Tag Archives | Last.fm

Last.fm: The Free Ride is Over for Smartphones

It’s no secret that streaming music services must pay a licensing premium to offer their libraries on smartphones and other devices, but now it seems that Last.fm’s ad revenue wasn’t enough to pay those bills.

Effective February 15, Last.fm will charge $3 per month for access on iPhones, Android phones and home entertainment devices such as Sonos and Logitech’s Squeezebox. The exceptions are Microsoft’s Xbox 360, which includes Last.fm with a $50 per year Xbox Live subscription, and Windows Phone 7, which will remain free through 2011. Ads will be removed as part of the shake-up.

Last.fm’s website will remain free with advertising in the United States, United Kingdom and Germany, but Matthew Hawn, Last.fm’s vice president of product, explained in a blog post that an ad-supported service is simply “not practical” on other devices and in other countries.

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Microsoft Pats Its Back for New Xbox Live Features

Last week, Microsoft brought Facebook, Twitter, Last.fm and the Zune Marketplace to Xbox Live. And it’s been a rousing success! According to Microsoft, at least.

The company says nearly two million people signed into Facebook from Xbox Live in less than a week since the feature launched on November 17. Almost one million people created Last.fm Internet radio profiles, and 1.7 million people checked out the Zune Marketplace, which is the Xbox 360’s new digital storefront for 1080p video. Microsoft suspiciously left out usage numbers for Twitter, saying only that the service “was abuzz” with Xbox-based tweets.

There is, of course, reason to be skeptical about these numbers and what they mean. Usually, Facebook and Twitter are only open to paid Xbox Live Gold subscribers, but from November 20 until yesterday, those services along with the rest of Xbox Live Gold were open to everyone in the United States, including non-paid Silver members. That means more of Xbox Live’s 20 million total active users may have tried the new services than usual.

And besides, trying doesn’t mean liking. I signed in to Facebook and sent a Tweet from Twitter, but didn’t particularly enjoy either experience. I fired up the Zune Marketplace but didn’t buy anything (and actually, I was sort of offended that music videos cost $1 to $2, when you can easily find them for free on YouTube). The only service I used in earnest was Last.fm, which came in handy for a party I happened be throwing over the weekend.

There was one statistic from Microsoft that was truly impressive: On November 10, launch day for Call of Duty: Modern Warfare 2, more than 2.2 million people logged in to play. It’s proof that no matter how hard Microsoft tries to show the value in all of Xbox Live’s extra services, it’s still all about the games.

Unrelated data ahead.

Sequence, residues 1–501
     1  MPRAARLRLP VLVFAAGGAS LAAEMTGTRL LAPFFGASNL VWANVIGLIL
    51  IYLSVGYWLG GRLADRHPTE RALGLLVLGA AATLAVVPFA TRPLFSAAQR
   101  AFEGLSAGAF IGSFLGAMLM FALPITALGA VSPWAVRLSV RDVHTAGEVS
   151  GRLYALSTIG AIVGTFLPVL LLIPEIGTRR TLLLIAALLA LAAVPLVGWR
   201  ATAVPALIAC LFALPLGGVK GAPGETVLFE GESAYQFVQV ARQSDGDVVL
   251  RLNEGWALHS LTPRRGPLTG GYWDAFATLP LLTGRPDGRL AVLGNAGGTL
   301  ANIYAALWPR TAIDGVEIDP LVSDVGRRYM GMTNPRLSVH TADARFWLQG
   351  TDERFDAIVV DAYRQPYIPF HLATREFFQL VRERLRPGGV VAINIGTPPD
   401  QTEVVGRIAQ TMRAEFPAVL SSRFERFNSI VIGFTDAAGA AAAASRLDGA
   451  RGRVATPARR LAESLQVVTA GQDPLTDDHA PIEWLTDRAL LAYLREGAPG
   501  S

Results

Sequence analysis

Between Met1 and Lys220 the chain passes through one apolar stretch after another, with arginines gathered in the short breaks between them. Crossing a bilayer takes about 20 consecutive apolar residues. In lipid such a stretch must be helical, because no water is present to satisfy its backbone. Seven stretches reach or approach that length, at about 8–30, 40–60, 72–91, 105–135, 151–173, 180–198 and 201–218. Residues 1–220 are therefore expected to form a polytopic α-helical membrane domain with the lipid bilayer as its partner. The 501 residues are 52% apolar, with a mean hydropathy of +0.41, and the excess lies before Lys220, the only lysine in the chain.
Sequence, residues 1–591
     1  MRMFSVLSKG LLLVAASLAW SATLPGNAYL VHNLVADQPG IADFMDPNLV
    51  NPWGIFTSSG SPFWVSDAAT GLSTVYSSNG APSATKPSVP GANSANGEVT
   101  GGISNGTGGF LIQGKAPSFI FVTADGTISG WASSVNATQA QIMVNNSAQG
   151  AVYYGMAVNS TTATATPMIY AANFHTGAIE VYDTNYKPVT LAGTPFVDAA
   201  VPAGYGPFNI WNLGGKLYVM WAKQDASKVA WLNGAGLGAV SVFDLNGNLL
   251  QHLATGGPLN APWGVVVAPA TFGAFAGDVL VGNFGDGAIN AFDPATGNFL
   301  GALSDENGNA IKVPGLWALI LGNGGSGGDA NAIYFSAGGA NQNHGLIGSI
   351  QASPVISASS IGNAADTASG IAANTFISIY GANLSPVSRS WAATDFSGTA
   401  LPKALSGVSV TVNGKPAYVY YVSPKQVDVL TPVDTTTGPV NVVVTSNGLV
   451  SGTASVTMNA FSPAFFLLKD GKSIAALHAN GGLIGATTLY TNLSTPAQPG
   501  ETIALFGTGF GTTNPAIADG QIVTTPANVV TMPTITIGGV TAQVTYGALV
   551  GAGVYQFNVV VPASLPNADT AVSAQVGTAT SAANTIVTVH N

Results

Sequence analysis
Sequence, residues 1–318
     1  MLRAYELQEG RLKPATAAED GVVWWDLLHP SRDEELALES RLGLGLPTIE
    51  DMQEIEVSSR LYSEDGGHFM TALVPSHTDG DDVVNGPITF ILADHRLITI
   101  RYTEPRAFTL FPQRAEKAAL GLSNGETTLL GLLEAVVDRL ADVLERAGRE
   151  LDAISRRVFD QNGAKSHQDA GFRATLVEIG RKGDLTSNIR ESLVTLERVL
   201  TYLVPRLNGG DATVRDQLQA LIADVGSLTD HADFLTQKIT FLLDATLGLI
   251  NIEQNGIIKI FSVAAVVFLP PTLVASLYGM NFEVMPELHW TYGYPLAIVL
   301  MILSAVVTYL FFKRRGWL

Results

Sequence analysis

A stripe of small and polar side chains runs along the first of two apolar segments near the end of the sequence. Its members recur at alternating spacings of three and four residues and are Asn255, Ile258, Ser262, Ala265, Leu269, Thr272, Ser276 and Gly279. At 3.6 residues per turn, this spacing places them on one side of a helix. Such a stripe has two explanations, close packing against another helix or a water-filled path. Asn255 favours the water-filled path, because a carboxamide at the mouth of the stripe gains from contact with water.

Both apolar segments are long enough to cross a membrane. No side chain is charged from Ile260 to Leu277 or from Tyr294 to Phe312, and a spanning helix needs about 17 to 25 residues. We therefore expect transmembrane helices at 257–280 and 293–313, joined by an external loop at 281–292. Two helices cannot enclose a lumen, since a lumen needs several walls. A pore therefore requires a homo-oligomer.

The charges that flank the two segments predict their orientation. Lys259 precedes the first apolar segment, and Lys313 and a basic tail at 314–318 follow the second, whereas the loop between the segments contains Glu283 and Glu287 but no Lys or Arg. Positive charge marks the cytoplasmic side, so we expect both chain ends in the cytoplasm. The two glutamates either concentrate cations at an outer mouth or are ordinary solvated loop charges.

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Last.fm the First Taste of Ads on Xbox Live?

xboxlivecardMicrosoft left us mostly in the dark at E3 when announcing that Last.fm, the Internet radio station, is coming to Xbox Live. Now, Joystiq has filled in some of the blanks with Xbox Live general manager Christina DeRosa.

Silver-level subscribers — i.e. the ones who don’t pay — can listen for “a trial period” of three hours per month, with occasional video advertisements, DeRosa said. Gold users will get unlimited ad-supported access. A third, commercial-free tier will cost extra.

That’s all good to know, but what’s really interesting is that Microsoft is finally opening the door to ad-supported content. In its current state, Xbox Live is transaction-based. You’ll get a free map pack here and there — and some of them have been sponsored by a third party — but most of the content on Xbox Live requires money, regardless of whether your a paying member or not. Last.fm is either an outlier or a sign of what’s to come.

With Twitter and Facebook integration coming to the service, I wonder if Microsoft has a similar ad-supported plan in mind. It seems likely, considering a recent report by MediaPost that says Microsoft will bring Silverlight to Xbox Live within a year, making it easier for advertisers to get their message onto multiple platforms. If there’s any Xbox Live feature that seems ripe for ads, it’s social networking.

Looking further ahead, could all of this signify a completely ad-supported Xbox Live, as Official Xbox Magazine suggests? I doubt it. My instinct says Microsoft wouldn’t want a free service to cannibalize the paid one, but I can’t say for sure without knowing the ratio of Gold to Silver subscribers, and the company doesn’t disclose that information. I do know that Xbox Live is rich with features, and sticking ads into all its nooks and crannies would be a Godawful mess.

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